A Texas city councilwoman was secretly recorded by an aide as she and her staff discussed homosexuality before coming up with strategies to oppose a local anti-discrimination ordinance.
Homosexuality is “so disgusting!” San Antonio District 9 Councilwoman Elisa Chan told her staff. Chan also said she believes homosexuality is a choice, that gay people “take hormone shots,” and that gay people should be “banned” from adopting or raising children.
Editor’s note: As noted in this story, in May, Councilwoman Chan was discussing a proposed San Antonio, Texas anti-discrimination ordinance. Wednesday, the City Council held a hearing on that very proposal. And this happened:
Marine War Hero Eric Alva Excoriates A Texas Crowd Who Booed Him Because He Is Gay
Local news columnist Brian Chasnoff at Hearst’s San Antonio Express-News, offering excellent analysis, reported the story:
“By the way, this is politically incorrect,” she tells her aides. “I don’t think homosexual people should do adoption. They should be banned by adoption. You’re going to confuse those kids. They should be banned.
“If you wanted to choose that lifestyle, we don’t want to discriminate you, but you shouldn’t affect the young people,” she continues. “How terrible. … They’re going to be confused. You see two men go into a bedroom. You see two women kissing. Is that not confusing? It’s confusing.
“It is actually, what you call, suggestive, for the kids to be corrupt, which is against nature. I’m telling you, anything that is against nature is not right.”
“You know, to be quite honest, I know this is not politically correct,” she says. “I never bought in that you are born, that you are born gay. I can’t imagine it.”
“When I say that it’s … behavioral preference, they say that, ‘No, you’re born with it.’ But I never bought into that.”
“I think it’s just disgusting just to even think about. All the definitions. …”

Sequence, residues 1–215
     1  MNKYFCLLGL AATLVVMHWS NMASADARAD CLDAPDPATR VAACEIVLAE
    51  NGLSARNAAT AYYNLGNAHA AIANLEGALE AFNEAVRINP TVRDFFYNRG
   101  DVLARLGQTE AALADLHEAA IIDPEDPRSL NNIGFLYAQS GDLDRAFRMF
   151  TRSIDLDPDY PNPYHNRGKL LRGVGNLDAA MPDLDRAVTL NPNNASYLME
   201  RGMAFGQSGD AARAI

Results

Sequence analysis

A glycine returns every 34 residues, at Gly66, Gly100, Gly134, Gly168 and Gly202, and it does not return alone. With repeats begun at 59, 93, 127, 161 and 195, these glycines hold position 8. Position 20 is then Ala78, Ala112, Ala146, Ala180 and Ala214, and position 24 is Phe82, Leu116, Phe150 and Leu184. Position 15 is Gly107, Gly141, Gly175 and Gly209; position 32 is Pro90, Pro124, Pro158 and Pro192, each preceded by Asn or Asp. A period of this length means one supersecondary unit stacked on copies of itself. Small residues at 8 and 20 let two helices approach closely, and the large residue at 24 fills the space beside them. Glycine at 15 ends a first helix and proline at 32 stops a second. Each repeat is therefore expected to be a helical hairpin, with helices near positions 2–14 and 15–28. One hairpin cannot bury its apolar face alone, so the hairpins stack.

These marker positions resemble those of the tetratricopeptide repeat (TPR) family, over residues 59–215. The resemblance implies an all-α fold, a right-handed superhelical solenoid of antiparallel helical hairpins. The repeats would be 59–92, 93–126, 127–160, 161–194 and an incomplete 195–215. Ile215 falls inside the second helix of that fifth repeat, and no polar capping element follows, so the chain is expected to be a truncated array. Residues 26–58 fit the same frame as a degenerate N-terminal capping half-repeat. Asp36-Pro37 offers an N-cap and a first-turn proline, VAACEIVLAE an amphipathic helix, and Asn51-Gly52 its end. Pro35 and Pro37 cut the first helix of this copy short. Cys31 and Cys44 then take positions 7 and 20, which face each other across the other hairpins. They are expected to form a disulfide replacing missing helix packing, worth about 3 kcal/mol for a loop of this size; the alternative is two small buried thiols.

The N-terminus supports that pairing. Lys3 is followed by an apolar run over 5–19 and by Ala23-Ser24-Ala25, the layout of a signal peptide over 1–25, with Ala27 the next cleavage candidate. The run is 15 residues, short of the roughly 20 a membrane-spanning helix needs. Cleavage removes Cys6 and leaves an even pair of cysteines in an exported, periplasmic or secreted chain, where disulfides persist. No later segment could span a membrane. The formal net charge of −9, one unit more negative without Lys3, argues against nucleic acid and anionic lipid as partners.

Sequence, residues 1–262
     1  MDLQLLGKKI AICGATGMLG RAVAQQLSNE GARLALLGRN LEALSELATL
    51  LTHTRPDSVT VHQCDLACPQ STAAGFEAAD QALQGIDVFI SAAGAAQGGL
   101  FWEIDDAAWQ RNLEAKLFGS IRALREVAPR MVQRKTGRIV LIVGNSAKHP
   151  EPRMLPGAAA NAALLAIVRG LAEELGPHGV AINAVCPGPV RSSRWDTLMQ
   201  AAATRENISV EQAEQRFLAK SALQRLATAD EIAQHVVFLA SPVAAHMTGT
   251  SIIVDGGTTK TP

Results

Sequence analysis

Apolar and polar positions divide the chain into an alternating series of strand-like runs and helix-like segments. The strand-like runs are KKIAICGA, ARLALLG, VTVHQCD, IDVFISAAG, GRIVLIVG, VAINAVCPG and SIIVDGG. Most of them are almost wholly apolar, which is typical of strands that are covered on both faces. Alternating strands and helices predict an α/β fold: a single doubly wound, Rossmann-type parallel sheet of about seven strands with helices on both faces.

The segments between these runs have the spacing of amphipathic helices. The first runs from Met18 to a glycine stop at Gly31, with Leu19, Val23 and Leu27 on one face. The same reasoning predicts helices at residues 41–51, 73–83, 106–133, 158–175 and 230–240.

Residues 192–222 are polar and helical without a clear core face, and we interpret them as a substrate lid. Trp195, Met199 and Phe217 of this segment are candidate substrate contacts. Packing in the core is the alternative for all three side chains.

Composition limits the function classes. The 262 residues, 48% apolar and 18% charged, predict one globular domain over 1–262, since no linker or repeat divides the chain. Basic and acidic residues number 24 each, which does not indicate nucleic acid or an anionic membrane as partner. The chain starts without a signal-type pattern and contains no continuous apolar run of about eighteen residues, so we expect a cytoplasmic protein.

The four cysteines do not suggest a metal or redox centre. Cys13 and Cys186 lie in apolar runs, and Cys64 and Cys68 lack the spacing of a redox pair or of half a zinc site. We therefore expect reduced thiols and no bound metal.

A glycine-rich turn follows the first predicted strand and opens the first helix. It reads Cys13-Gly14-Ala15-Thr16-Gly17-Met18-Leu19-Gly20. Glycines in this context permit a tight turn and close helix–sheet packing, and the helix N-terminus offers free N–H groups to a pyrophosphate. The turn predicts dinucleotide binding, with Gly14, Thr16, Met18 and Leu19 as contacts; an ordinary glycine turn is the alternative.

But what is even more disgusting than Chan’s personal beliefs are the lies about her positions she says she is willing to tell to cover them up.
In strategizing on how to oppose the anti-discrimination ordinance, Chan decided to have her staff draft an op-ed to appear in a local paper.
“Can you guys come up with a draft?” she asks her aides. “Come up with draft with all the good, those arguments we talk as a speaking point, in terms of we’re addressing an issue that is not an issue. This is national politics again at the council level.
Chan tells her staff what lies to toss into her op-ed to explain her opposition, as if they were from a standard list of options on an anti-gay checklist:
“This is another layer of bureaucracy, that we have not heard any discrimination,” she continues. “And then add in the family value in there. … Maybe I’ll use the industries, that we have a trend, that is, maybe I’ll use we have water rates and CPS rates to worry about.”
And this shocking comment from Chan about the proposed op-ed:
“Maybe what we can do, can we maybe throw some questionable confusions like, OK, this ‘transgender,’ because the definition is so broad…”
Chan and her staff strategize about how to wiggle out of the backlash from her anti-LGBT positions if they’re taken as too extreme. Chan says:
“Maybe I say I was not educated on what transgender is about.”
She adds she could say she looked it up in Wikipedia.
Chasnoff adds to his report that the secret recording was made in May by an aide, James Stevens, who quit this week.
“My decision to record in the first place was that, during the staff meetings, we weren’t really discussing the ordinance itself,” Stevens told me. “We were really just talking about ways to appeal to the (voting) base and to get them fired up as opposed to analyzing the ordinance.”
Chan “is only focused on her political future,” he continued. “She’s not focused on the policy itself and how it’s going to really affect the city. We spent 80 percent of that meeting talking about how disgusting homosexuality is.”
Reached at City Hall on Thursday, Chan wouldn’t confirm a rumor that she plans to run for mayor in 2015.
Elisa Chan for mayor of San Antonio, Texas?
Remember that name.
Image via Twitter
We invite you to sign up for our new mailing list, and subscribe to The New Civil Rights Movement via email or RSS.